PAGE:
Human Interest

COVID-19 causes food shortages for Thailand’s elephants

By Gaspar Ruiz Canela

Bangkok, Mar 31 (efe-epa).- Domesticated elephants do not lead easy lives in many tourist fields in Thailand, where they are trained hard to offer circus shows, but the novel coronavirus is further preventing them from feeding properly.

Tourism revenues have fallen amid the pandemic and many Thais have turned to a donation campaign that has so far raised more than 600,000 baht (about $18,000).

It is estimated that there are more than 3,000 domesticated elephants in Thailand and most of them are found in centers and parks that live mainly from tourism, one of the engines of the Thai economy.

The campaign to help the pachyderms was started by the Thai Elephant Alliance association, which brings together different elephant resorts, with the aim of buying food and medicine for these imposing mammals.

“Although many elephant centers have recently had to close on the orders of the governors, elephants still have to eat daily,” Siwawut Munesane, vice president of the Thai Elephant Alliance in the northern province of Chiang Mai, told EFE.

Siwawut said there are about 2,200 elephants employed in the tourism sector in Thailand, of which about 1,100 are in Chiang Mai.

“All elephant centers and sanctuaries need income now, because they have to pay for food, supplements, medicine,” said the association’s president.

Elephants, which can weigh more than three tons and exceed two and a half meters in height, consume between 200 and 300 kilograms of food a day.

Authorities in Thailand, where there are already more than 1,700 cases and 12 deaths from COVID-19, have banned most public activities and non-essential businesses, leading to the closure of parks and resorts.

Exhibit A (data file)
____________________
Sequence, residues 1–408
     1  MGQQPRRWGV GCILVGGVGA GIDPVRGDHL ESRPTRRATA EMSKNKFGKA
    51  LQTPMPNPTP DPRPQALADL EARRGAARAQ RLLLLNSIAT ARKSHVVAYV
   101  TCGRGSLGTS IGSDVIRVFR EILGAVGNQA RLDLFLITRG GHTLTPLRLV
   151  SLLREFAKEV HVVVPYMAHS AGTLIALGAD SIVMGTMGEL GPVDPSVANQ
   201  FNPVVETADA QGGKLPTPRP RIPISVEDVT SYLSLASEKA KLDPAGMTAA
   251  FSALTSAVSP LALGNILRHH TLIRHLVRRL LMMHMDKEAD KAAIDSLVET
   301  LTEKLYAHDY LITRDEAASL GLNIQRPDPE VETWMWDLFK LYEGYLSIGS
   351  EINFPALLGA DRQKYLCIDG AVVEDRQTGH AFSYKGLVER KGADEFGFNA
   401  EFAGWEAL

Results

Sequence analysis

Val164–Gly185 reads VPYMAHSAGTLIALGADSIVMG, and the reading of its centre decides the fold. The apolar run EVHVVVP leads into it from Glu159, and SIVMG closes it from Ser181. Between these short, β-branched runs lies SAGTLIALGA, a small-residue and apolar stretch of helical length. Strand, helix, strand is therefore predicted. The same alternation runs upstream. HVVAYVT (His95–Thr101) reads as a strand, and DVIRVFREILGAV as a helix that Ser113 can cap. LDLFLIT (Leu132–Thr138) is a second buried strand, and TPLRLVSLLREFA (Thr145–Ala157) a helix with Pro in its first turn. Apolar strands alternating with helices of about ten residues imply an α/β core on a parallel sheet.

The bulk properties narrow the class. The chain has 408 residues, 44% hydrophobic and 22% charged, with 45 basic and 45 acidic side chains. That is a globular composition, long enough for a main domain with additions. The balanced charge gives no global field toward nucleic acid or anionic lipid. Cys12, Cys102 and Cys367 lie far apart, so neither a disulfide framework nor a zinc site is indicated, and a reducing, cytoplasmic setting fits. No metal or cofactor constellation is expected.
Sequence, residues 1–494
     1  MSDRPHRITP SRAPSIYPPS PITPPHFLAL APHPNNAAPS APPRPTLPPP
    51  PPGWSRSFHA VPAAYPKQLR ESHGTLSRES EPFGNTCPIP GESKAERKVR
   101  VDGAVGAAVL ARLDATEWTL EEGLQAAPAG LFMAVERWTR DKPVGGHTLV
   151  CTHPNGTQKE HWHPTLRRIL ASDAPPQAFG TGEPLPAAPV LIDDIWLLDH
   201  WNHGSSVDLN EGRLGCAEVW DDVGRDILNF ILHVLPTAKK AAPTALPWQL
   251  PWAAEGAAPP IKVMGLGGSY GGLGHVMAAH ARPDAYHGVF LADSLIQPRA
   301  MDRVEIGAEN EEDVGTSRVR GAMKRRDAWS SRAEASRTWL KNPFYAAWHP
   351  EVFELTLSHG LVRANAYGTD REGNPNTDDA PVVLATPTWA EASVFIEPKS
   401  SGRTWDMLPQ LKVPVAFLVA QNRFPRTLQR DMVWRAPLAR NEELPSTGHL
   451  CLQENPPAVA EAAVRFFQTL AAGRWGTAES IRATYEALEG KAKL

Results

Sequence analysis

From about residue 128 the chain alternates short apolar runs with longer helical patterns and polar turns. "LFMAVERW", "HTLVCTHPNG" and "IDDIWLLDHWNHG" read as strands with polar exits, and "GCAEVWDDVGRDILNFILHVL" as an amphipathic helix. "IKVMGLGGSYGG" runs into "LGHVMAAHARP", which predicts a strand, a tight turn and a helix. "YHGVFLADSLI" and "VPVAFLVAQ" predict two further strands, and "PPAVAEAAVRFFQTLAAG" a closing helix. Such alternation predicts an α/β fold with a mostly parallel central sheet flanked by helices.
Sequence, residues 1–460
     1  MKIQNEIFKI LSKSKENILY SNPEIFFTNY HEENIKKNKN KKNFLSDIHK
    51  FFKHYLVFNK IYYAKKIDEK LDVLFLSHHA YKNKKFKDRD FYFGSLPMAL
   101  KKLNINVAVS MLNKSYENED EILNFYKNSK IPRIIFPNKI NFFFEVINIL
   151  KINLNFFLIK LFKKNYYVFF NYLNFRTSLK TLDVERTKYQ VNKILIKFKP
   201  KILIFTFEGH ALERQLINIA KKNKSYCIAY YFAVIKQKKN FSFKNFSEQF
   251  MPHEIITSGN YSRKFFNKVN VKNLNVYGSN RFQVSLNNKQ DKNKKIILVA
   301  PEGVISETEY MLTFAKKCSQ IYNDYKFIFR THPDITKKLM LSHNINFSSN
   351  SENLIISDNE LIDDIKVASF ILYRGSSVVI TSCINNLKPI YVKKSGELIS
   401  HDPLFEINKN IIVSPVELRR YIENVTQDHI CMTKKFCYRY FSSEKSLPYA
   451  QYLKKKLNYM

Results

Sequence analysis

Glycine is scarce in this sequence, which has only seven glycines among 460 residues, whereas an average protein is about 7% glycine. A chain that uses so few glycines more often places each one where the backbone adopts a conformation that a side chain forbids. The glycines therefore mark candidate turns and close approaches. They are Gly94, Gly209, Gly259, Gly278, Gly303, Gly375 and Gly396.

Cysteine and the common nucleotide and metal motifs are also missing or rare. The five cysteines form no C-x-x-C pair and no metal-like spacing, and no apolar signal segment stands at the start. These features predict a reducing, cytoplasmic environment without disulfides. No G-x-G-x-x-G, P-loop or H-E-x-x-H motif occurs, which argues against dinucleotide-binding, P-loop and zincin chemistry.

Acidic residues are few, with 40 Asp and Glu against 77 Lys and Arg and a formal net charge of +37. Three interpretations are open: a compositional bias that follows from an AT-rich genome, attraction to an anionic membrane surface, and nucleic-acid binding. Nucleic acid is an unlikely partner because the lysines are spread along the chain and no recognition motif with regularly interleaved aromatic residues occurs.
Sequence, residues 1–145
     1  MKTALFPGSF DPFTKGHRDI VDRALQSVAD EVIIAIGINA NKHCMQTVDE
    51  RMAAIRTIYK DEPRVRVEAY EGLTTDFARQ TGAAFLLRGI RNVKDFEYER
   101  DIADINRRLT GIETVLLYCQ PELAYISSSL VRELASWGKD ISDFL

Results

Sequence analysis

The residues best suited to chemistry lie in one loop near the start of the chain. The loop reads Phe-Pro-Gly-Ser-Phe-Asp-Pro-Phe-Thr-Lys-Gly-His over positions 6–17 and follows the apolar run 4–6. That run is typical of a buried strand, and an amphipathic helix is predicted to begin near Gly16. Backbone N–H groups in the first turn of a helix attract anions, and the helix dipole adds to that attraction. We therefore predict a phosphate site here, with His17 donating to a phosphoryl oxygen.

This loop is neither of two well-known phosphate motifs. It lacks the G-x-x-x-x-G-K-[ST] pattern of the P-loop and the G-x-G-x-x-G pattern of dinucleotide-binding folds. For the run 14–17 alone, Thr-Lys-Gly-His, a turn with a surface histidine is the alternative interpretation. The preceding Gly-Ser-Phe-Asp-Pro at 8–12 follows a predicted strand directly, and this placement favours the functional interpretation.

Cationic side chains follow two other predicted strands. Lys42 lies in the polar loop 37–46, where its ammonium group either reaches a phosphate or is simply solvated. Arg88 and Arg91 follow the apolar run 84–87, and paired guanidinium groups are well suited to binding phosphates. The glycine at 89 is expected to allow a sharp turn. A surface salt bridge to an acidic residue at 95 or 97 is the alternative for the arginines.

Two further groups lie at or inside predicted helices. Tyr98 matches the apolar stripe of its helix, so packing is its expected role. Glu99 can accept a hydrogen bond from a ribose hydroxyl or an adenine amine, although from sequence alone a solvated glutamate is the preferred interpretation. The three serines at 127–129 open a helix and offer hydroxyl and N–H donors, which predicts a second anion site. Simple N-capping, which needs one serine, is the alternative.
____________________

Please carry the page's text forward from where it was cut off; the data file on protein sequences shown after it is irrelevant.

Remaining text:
Since the end of January, the country has also suffered a drastic decline in tourism, especially from China, the origin of COVID-19 and the country from which almost a third of the 39 million visitors to Thailand hail.

Wasana Thongsuk, director of the Maetang Elephant Park and Clinic in Chiang Mai, said the center houses 64 elephants and that, although they are no longer able to receive tourists, it has funds to last until September.

“Before the outbreak of COVID-19, we received around 600 visitors (daily). However, since the outbreak of COVID-19 was declared in Wuhan (China), the number of tourists decreased considerably,” Wasana – who before closing this month received between 10 and 50 daily visitors – told EFE.

The director added said the 1,000 baht ($30) previously spent on food and supplements for each animal had to be cut in half.

In the past, domesticated elephants were used to cut down trees, but since the prohibition of this activity in 1989, most are now used as a tourist attraction.

Organizations such as World Animal Protection have reported that many of these animals live in poor condition and are mistreated to carry tourists on their backs or participate in shows.

In addition to the domesticated, there are an estimated 3,000 other wild elephants in Thailand. EFE.EPA


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